The exciting conclusion to the Case of the Missing Marriage Application. Remember, after a bit of sleuthing, Michael Patrick Leahy determined that the whole 1/32 claim came down to an 1894 marriage application that had supposedly been unearthed by an amateur genealogist but which no one else had actually seen. Leahy couldn’t reach that genealogist on Friday; today, he did. Mystery solved:
Lynda Smith, the amateur genealogist who unknowingly found herself at the root of the false “Elizabeth Warren is 1/32 Cherokee” meme introduced to the media by “noted” genealogist Chris Child of the New England Historic Genealogical Society, acknowledged in an email to me this past Saturday, May 12, that her statement in a March 2006 family newsletter upon which Mr. Child based his claim of Ms. Warren’s Cherokee ancestry was made with no supporting documentation. It was, in fact, an honest mistake that Ms. Smith now acknowledges is entirely without foundation…
According to Ms. Smith:
“I am rather embarrassed about this posting of mine [on rootsweb about William J. Crawford], especially since it seems to be of some importance…. I’ve been through all papers in my Crawford file and I didn’t find who sent that Cherokee reference to me…”
Read the whole thing for an explanation of Smith’s mistake. The obvious question: Why did the professional genealogist who confirmed Warren’s ancestry for the Boston Herald rely on an amateur’s research instead of demanding to see the original documents? Investigative reporter and genealogist Thomas Lipscomb was wondering that too and sent this e-mail to Powerline:
No reputable genealogist or genealogical organization would ever use a family newsletter by an amateur genealogist as the basis for an opinion. They require direct documentation from a certified copy of a birth or marriage certificate or some other objective evidence. While family newsletters, or family web postings may provide a useful tip as to where the real documentation may be, they are just as likely to be dead wrong encrustations of family myth that may or may not be true, but can’t be proven.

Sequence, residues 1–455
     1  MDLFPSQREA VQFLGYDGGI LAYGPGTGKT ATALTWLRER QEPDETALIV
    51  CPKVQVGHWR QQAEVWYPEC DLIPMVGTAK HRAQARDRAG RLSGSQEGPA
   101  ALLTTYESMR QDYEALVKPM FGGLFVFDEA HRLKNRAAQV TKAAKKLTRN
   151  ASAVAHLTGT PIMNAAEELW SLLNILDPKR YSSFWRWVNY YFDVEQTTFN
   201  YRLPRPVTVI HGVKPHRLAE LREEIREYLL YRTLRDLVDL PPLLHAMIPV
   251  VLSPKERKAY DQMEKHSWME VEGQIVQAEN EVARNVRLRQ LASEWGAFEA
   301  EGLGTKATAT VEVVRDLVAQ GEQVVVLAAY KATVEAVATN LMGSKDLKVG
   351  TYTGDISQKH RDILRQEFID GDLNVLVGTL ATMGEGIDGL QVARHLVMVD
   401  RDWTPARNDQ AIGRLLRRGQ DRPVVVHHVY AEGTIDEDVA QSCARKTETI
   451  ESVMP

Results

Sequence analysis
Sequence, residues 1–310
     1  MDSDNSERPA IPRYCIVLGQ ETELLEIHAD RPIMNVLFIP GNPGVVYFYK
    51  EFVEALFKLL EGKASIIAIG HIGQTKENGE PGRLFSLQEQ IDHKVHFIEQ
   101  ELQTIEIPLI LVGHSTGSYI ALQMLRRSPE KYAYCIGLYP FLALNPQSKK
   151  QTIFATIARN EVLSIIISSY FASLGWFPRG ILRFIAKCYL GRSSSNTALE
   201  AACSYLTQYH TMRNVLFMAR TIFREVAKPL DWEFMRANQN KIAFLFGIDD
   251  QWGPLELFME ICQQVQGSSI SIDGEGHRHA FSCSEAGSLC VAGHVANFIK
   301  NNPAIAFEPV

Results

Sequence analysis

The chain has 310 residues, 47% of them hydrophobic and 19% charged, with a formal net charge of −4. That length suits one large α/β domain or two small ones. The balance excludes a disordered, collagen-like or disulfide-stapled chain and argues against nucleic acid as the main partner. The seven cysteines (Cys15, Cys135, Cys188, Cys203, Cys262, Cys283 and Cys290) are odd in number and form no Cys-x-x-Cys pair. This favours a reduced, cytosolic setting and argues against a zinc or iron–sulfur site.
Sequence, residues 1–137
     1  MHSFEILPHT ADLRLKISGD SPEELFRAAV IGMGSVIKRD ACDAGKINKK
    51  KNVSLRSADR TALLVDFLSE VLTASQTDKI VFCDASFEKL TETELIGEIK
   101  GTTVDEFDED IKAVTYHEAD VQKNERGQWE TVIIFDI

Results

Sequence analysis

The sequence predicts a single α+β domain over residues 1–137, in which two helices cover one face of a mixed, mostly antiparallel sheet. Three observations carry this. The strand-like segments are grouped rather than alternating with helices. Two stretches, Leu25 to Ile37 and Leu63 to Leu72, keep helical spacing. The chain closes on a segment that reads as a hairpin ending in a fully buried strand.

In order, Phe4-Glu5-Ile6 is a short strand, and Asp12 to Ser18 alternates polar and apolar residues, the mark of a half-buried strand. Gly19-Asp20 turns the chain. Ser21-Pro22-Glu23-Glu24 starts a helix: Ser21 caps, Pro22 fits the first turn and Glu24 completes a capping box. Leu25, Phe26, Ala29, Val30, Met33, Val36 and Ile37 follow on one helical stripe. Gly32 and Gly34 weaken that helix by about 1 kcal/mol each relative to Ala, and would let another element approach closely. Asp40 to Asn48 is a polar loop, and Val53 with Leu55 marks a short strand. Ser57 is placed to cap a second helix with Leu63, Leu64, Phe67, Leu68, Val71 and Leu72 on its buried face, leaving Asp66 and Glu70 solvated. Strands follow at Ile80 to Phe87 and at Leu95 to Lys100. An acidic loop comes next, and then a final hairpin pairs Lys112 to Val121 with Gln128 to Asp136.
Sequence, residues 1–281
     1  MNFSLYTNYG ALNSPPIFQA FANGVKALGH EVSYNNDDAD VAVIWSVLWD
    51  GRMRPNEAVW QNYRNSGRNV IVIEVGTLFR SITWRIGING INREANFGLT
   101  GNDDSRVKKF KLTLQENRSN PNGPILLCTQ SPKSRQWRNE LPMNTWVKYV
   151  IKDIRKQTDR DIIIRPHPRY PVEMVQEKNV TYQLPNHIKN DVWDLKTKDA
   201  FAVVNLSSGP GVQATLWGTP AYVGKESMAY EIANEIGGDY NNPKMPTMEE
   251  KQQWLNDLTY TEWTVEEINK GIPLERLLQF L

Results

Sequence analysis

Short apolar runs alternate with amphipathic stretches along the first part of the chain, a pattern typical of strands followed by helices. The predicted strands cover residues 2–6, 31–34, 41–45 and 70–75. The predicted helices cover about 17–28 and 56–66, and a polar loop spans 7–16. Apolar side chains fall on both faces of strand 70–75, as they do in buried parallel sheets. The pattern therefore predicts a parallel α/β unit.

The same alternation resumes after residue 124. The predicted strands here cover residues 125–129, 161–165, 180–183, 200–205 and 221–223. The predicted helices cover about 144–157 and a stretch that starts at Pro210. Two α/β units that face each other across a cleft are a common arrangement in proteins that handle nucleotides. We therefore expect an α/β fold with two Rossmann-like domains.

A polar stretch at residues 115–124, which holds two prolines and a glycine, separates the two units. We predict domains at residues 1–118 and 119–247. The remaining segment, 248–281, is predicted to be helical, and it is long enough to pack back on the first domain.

While family members may find these myths of interest, professionals like the New England Historic Genealogical Society and Christopher Child, or the New York Genealogical and Biographical Society, where I have served on the Heraldry Committee, will not accept them as documentation for any kind of genealogical claim. And they certainly won’t take a chance of embarrassing themselves professionally by making a public statement on the basis of flimsy evidence they regard as little more than rumor.
Read all of that too. But wait — you’re not done reading yet. One last piece is William Jacobson’s new post chronicling his e-mail exchange with the New England Historic Genealogical Society and the curious appearance in his comments of someone who’s very interested in spinning what the NEHGS originally told the Herald. Did they really confirm that Warren is Native American, or did they merely confirm that she had an ancestor by the name of O.C. Sarah Smith whom others were claiming was Native American? Spintastic.
Via the Daily Caller, here’s Warren standing by her claim even as Scott Brown’s campaign insists that there’s nothing left of her minority status. Alternate headline: “Elizabeth Warren: I’m very proud of my Native American heritage that apparently no one can document.”